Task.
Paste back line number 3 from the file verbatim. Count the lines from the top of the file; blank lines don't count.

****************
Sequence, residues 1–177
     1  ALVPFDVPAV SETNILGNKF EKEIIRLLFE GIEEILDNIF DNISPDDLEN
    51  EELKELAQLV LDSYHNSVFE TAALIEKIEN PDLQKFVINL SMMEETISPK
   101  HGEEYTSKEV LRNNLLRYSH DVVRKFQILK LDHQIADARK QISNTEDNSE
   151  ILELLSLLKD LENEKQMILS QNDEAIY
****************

    51  EELKELAQLV LDSYHNSVFE TAALIEKIEN PDLQKFVINL SMMEETISPK